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The Heavy Ball

The square cut that shook Parliament

Plus the advent of the exciting, revolutionary new 20-50 format

A short-arm-jab from Kamran Akmal fetches four, Sri Lanka v Pakistan, 3rd ODI, Dambulla, August 3, 2009

Kamran Akmal raises suspicions with an Ashish Nehra impression  •  AFP

Barely days after the match-fixing murmurs and the related Younis Khan resignation episode have died down, Pakistan cricket has once again been plunged into controversy, intrigue and scandal. This time it's keeper-batsman Kamran Akmal who is at the centre of the storm - a parliamentary commitee has been formed to conduct an enquiry into a poor square cut played by Akmal during the recently concluded Champions Trophy in South Africa.
"The whole stroke was suspiciously lacking in technique. Kamran's weight was, rather dubiously, not completely transferred to the back foot, causing him to be completely off balance when playing the shot. Not only that, the ball was suspiciously close to his body, cramping him up and forcing him to make contact too high up on the blade. Such faulty technique from an experienced international batsman is definitely fishy - we are sure that bookies have played a role," thundered a senior parliamentarian, who will not be named since he is a senior parliamentarian. "Such a poorly executed cut shot is a betrayal of the faith shown by loyal cricket fans of Pakistan," he bellowed, before irrelevantly adding, "Hey! Did you know that if you turn Mohammad Yousuf's photo upside down, he looks like one of those Buckingham Palace guards? Hyok!"
Kamral Akmal has refuted the allegations strongly. "This is nonsense. Are they saying bookies are paying players just to play bad shots? Then Ashish Nehra alone would cause economic upheaval in South-East Asia," he pointed out. Akmal also angrily resigned as captain of the Pakistan team. The board has rejected his resignation on the grounds that he wasn't captain in the first place. "Oh! Er, my bad," said a sheepish Akmal in response, admitting that he had got the idea from Younis Khan.
Regarding the captaincy issue, the PCB has decided to stop their rather ad-hoc method of appointing captains, and have drawn up a long-term plan to demonstrate their vision for creating a smooth and sustainable leadership policy. According to the new plan, Younis Khan will remain captain until the World Cup in 2011. He will be arbitrarily sacked a few months later, and Shahid Afridi will be given the reins until 2012 (except for a brief one-month period when Imran Nazir will be skipper before being dropped altogether). In February 2012, half the team will be dropped and an unknown teenager will be made captain for eight months, after which Younis will be called upon to lead again.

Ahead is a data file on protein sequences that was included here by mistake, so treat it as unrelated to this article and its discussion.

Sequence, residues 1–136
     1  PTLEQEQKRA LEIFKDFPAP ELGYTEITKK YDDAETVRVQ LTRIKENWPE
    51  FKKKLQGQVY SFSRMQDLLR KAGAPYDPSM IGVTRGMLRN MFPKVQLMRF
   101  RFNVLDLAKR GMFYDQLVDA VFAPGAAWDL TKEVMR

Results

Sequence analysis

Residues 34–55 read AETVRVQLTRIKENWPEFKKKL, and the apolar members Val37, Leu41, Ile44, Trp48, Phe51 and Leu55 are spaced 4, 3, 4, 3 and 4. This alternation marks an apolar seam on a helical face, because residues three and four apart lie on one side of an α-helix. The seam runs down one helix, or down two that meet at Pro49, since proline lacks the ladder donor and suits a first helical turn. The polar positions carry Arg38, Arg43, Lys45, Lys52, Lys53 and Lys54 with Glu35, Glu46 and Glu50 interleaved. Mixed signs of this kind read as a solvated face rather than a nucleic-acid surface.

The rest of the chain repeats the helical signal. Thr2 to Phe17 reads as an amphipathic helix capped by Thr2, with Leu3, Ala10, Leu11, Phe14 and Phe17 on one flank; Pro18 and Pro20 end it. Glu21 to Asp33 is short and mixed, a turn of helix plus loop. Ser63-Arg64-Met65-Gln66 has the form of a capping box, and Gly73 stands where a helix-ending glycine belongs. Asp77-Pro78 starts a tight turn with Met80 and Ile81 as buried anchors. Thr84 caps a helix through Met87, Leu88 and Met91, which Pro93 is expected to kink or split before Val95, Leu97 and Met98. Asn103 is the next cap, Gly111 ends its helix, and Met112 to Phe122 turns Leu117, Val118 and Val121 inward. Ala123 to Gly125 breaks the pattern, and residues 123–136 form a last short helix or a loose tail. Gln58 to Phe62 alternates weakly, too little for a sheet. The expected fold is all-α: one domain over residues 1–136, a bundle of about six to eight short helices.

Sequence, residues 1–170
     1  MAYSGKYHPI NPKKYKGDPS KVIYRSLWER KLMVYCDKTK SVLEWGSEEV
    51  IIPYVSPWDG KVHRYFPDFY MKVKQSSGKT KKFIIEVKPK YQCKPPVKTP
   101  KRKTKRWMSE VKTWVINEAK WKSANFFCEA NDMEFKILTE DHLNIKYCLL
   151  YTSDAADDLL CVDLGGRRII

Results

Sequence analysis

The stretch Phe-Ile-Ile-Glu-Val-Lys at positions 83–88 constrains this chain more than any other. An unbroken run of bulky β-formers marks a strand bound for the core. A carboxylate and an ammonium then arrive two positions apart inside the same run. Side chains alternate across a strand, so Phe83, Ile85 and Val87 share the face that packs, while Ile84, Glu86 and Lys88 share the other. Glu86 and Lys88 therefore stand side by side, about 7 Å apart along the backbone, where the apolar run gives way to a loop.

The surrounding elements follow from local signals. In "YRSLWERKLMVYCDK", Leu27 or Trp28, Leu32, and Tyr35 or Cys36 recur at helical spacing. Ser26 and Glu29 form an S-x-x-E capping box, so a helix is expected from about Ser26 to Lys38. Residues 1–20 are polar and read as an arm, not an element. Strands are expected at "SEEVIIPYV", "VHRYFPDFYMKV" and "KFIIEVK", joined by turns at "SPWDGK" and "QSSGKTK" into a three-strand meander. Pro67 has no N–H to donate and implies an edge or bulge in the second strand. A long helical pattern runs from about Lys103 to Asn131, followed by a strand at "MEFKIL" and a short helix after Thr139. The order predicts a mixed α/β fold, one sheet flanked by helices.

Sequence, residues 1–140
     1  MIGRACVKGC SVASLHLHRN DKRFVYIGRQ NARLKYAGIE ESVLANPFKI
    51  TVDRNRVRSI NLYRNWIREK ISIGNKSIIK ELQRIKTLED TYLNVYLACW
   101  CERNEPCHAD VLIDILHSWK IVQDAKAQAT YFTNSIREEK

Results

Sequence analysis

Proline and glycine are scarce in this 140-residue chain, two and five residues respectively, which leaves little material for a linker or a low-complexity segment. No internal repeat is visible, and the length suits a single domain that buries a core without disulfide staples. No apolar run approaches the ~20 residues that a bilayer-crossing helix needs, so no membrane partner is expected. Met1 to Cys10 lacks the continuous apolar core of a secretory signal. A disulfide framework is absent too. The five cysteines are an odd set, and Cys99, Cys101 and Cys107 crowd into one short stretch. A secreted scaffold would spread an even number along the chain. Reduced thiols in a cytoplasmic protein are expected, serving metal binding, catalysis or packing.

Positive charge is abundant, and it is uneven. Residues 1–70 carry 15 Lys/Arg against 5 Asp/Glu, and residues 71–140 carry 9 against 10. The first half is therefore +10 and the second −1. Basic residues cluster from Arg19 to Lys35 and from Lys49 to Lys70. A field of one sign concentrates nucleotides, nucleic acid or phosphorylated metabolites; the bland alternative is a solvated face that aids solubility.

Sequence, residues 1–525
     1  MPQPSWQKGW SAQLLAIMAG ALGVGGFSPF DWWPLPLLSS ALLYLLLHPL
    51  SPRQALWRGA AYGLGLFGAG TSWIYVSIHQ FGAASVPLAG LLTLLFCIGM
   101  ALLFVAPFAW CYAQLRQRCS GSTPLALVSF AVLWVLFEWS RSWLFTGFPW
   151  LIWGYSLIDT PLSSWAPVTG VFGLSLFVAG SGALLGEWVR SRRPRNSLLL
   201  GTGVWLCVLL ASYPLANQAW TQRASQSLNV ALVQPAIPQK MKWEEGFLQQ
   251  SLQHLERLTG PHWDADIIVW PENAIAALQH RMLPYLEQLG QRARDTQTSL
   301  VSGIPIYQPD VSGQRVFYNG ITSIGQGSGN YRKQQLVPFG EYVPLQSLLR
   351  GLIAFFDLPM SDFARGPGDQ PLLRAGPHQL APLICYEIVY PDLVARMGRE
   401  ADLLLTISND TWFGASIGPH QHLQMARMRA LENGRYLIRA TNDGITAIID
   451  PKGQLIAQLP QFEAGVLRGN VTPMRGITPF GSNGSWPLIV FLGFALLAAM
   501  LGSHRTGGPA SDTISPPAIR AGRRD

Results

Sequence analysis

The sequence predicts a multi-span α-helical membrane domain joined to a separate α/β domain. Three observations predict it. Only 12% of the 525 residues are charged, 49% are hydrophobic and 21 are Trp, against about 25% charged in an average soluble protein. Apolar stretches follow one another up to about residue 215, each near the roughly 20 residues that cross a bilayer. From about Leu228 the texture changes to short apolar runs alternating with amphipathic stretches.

Meanwhile, across the border the BCCI has come up with a cunning plan to arrest team India's sliding fortunes in both Twenty20 and ODI formats. They have announced the world's first "twenty-fifty" tournament. Under the rules of the new format, christened T50 cricket, the Indian team will get to bat 50 overs, and the opposition will get to bat 20 overs. Field restrictions will also follow the same method, with 15 overs of Powerplay when the Indians bat, and six overs when the opposition does. "It's a brilliant, innovative, sly, cunning and totally evil plan to ensure India's dominance in world cricket," said a supremely smug-looking Lalit Modi, gradually allowing his adjectives to inch closer to the truth. "Besides, it will give Rahul Dravid and VVS Laxman one more limited-overs format to suck at," he quipped, deciding against making that joke on Twitter.
In other news, Daren Ganga has denied that the Trinidad and Tobago team is sponsored by Venkatesh Prasad, Ross Taylor has denied that he was spotted playing an off-side shot, and Australia has ordered a parliamentary inquiry into the reasons why Moises Henriques has a completely needless "I" in the middle of a perfectly legitimate biblical name.

Anand Ramachandran is a writer and humourist based in Mumbai. He blogs at bosey.co.in
Any or all quotes and facts in this article may be wholly or partly fiction (but you knew that already, didn't you?)